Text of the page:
Dynamics of human take and animal predation on sea turtle nests in Northwest Costa Rica

Janie L. Reavis, Daniela Rojas-Canizales, Carmen Mejias-Balsalobre, Isabel Naranjo, Randall Arauz, Jesse F. Senko

Research output: Contribution to journalArticlepeer-review

3 Scopus citations


Many conservation projects relocate sea turtle eggs to hatcheries to protect the sea turtle nests from the anthropogenic and natural threats they face in the early stages of development. The Rescue Center for Endangered Marine Species (CREMA) manages four sea turtle conservation projects on the nesting beaches of the Southern Nicoya Peninsula in Costa Rica, where the predominant nesting activity is from olive ridley turtles (Lepidochelys olivacea). Two of these nesting projects are based in Costa de Oro and San Miguel, which are adjacent beaches divided by an estuary. In this study, we compared the dynamics and rates of human and animal predation of nests prior to being relocated to the hatchery on both nesting beaches from 2012 to 2018. We hypothesized that human take and animal predation were compensatory threats, meaning that lower human take may result in higher animal predation, and vice versa, resulting in a similar number of nests lost to predation overall. We discuss the communitybased conservation programs on both beaches, one of which has been monitored since 1998 (San Miguel) and the other of which has been monitored since 2012 (Costa de Oro). We found that Costa de Oro exhibited high rates of human take with up to 51% of nests being extracted per season, which has decreased since the conservation project was established. Human take was significantly higher than animal predation on both beaches and human take was significantly higher in Costa de Oro. While San Miguel exhibited higher animal predation, the difference was not statistically significant. Higher depredation by animals corresponded to higher overall nest abundance on both beaches. We were unable to find evidence that human take or animal predation increased in the absence of the other threat, suggesting a lack of compensatory effects of predation. Our findings support further analysis of animal predation and a continuation of patrol-based conservation efforts as well as community outreach to attempt to merge cultural values with sea turtle conservation.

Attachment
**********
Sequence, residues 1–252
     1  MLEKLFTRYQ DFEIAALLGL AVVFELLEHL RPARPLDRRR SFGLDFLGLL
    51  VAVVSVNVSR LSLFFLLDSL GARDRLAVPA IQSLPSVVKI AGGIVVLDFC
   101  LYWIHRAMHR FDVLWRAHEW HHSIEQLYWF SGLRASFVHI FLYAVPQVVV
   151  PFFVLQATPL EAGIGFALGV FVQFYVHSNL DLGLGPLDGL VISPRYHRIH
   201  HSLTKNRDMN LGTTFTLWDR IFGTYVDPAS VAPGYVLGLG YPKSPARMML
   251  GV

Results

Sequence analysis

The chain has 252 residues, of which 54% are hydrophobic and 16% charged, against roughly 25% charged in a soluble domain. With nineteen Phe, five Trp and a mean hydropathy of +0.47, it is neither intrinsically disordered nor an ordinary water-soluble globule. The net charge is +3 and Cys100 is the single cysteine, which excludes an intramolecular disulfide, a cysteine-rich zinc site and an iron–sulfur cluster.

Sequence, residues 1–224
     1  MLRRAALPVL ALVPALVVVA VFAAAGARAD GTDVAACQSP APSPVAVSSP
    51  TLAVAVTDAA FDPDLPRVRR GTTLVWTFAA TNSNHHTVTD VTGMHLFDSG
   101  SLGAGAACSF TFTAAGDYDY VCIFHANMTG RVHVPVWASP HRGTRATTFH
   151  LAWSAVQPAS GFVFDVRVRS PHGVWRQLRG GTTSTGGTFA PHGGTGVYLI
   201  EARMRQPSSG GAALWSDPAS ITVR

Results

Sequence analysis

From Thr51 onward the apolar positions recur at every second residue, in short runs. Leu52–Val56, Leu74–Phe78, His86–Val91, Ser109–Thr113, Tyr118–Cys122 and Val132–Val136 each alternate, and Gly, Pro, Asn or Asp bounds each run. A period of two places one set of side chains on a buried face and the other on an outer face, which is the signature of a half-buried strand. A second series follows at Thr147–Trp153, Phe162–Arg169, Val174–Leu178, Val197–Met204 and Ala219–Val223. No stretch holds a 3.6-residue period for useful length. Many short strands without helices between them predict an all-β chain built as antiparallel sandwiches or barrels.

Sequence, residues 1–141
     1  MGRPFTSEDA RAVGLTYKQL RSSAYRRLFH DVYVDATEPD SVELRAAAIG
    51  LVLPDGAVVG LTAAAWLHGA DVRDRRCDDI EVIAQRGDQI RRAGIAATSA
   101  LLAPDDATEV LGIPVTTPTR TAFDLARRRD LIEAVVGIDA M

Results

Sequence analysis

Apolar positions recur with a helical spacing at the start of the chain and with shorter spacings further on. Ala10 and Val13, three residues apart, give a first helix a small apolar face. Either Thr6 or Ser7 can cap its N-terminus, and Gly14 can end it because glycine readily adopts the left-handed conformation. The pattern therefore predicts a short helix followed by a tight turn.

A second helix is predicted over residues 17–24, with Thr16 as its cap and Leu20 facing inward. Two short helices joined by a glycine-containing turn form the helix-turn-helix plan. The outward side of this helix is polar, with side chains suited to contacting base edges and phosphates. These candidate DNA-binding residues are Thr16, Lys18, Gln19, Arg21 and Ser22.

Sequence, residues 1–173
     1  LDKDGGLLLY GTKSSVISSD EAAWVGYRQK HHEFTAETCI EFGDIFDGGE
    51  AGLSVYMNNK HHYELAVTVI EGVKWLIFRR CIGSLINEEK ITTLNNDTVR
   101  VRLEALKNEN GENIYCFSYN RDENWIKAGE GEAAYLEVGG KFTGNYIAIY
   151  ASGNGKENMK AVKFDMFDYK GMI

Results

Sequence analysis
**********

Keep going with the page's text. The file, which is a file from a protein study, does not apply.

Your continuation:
Original languageEnglish (US)
Article numbere12925
StatePublished - 2022


  • Conservation
  • Depredation
  • Human take
  • Nesting beach
  • Olive ridley
  • Sea turtle
  • Wildlife extraction

ASJC Scopus subject areas

  • General Neuroscience
  • General Biochemistry, Genetics and Molecular Biology
  • General Agricultural and Biological Sciences


Dive into the research topics of 'Dynamics of human take and animal predation on sea turtle nests in Northwest Costa Rica'. Together they form a unique fingerprint.

Cite this